Is Competition for Everyone?
The Gracie Barra CompNet Cup is coming back to Phoenix this fall.
The success of the last GB CompNet Phoenix Spring tournament a few weeks ago made me think a lot about the central role competition has in our sport and why it is so ingrained in the cultural DNA of Gracie Barra.
Many Jiu-Jitsu teams decide to emphasize only the self-defense aspects of BJJ.
I can tell from my own experience growing up at Gracie Barra that was certainly not the case.
Even though Master Carlos Gracie Jr., and his team of instructors, stood for a well rounded Jiu-Jitsu game which included, of course, a strong emphasis in self-defense, competitiveness was always an essential element of our training environment.
Being part of a competitive team did not mean everyone had to participate in tournaments. It meant we were encouraged to engage on the right level of competition to keep us challenged, test our techniques, and, thus, helping us getting better.
It took me many years to realize that we were not training to compete. It was actually the other way around. Instead, the competition was part of our training.
The emphasis was not at the result of a tournament, but on the experience and lessons learned during the process. We would fight to win, of course, but the memories and lessons we brought home, and the growth that would follow, had much more value than any medal.
Is Competition for Everyone?
So here is the main question I have been grappling with since the GB CompNet Phoenix Spring Cup: Is Competition for Everyone?
You can see a more in depth answer on the video below, but my short answer is yes.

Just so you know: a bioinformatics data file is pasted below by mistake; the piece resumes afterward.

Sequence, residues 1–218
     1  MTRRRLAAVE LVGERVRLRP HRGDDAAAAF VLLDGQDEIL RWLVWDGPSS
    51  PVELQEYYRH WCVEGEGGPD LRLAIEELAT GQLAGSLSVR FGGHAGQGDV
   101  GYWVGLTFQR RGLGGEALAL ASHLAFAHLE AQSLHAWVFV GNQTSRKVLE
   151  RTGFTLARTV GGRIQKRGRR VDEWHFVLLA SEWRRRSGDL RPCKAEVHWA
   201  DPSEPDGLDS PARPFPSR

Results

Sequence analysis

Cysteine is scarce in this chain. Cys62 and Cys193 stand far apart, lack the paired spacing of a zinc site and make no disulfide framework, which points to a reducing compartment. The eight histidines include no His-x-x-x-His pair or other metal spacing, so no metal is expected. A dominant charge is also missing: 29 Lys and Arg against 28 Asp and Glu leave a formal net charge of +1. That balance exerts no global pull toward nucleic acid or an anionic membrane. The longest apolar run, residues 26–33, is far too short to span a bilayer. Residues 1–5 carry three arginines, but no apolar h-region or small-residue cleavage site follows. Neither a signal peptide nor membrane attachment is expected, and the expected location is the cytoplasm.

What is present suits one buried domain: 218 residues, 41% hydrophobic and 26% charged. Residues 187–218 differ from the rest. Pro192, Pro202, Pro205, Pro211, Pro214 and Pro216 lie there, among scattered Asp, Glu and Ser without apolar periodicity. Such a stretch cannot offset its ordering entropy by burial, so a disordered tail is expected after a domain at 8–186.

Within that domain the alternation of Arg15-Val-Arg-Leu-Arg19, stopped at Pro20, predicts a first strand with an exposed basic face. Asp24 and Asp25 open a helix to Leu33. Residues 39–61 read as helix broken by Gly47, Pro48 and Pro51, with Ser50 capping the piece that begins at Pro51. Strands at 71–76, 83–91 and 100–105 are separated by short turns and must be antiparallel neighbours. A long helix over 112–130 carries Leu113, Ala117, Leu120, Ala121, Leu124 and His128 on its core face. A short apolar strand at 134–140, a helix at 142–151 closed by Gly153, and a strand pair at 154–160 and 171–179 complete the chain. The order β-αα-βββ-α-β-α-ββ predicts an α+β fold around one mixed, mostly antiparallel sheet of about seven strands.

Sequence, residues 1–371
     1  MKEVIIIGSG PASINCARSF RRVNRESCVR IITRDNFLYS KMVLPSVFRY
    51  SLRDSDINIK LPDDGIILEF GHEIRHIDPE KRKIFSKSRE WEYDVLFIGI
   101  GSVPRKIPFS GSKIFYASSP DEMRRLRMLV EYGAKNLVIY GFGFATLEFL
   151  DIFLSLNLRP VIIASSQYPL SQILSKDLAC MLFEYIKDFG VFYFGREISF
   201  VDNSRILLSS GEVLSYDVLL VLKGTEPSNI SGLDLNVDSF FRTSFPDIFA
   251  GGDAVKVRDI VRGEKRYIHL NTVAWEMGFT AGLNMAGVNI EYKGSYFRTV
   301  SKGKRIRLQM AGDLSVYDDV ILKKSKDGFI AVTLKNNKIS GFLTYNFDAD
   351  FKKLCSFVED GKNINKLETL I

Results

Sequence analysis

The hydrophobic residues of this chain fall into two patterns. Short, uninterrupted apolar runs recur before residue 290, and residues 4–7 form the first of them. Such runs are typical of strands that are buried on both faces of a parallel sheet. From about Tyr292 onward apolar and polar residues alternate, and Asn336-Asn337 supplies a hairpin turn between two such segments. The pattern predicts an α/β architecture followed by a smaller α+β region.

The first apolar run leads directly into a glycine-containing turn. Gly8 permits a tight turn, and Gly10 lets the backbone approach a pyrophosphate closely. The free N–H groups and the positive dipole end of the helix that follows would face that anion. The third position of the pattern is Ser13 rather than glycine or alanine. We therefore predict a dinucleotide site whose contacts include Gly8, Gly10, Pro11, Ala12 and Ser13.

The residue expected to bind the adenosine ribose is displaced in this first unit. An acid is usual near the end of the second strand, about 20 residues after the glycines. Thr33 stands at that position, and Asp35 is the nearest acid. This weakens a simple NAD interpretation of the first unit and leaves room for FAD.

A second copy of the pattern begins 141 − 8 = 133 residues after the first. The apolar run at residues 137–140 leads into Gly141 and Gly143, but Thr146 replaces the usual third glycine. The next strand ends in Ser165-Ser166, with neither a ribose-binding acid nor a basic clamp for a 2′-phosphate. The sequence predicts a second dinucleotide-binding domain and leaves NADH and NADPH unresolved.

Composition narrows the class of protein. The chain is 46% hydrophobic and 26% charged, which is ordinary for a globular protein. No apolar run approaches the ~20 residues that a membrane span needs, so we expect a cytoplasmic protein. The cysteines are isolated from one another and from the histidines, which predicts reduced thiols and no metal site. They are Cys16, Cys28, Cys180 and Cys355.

The right form of competition is for everyone who is a serious martial artist. By serious, I mean a person who truly wants to achieve his or her personal best through practice.
The definition of martial artist is a person who practices the art of combat and, at least in my opinion, the art of combat cannot be practiced unless we are constantly challenged to step outside of our comfort zone
Encouraging our students to engage with the right kind of competition is a duty I hold seriously as an instructor. But it is also my duty to encourage them to compete for the right reasons.
Competition is not a form of war. In fact, the the word competition comes from a latin word "Competere" which meant to "strive in common" or "strive together". We don't compete against someone, we are not driven by hate or anger. We compete with someone, we are driven by gratitude and appreciation.
This shift in mindset is important.
When I attempt to answer the question, is competition for everyone? I answer with a big yes because competition to me is defined as something much broader than a tournament but also because I look at it as an opportunity to test ourselves, learn and grow.
I hope all of our students to compete at a level they are relatively safe, have chances of winning, while being challenged to reach deep inside to their very best.
Jiu-Jitsu invites us to live a life of growth, not comfort.
See you on the mats.
- Flavio Almeida
P.S. Registration for the GB CompNet Phoenix Fall Cup is opened. The event will take place at ability 360 on November 16th. For more info click here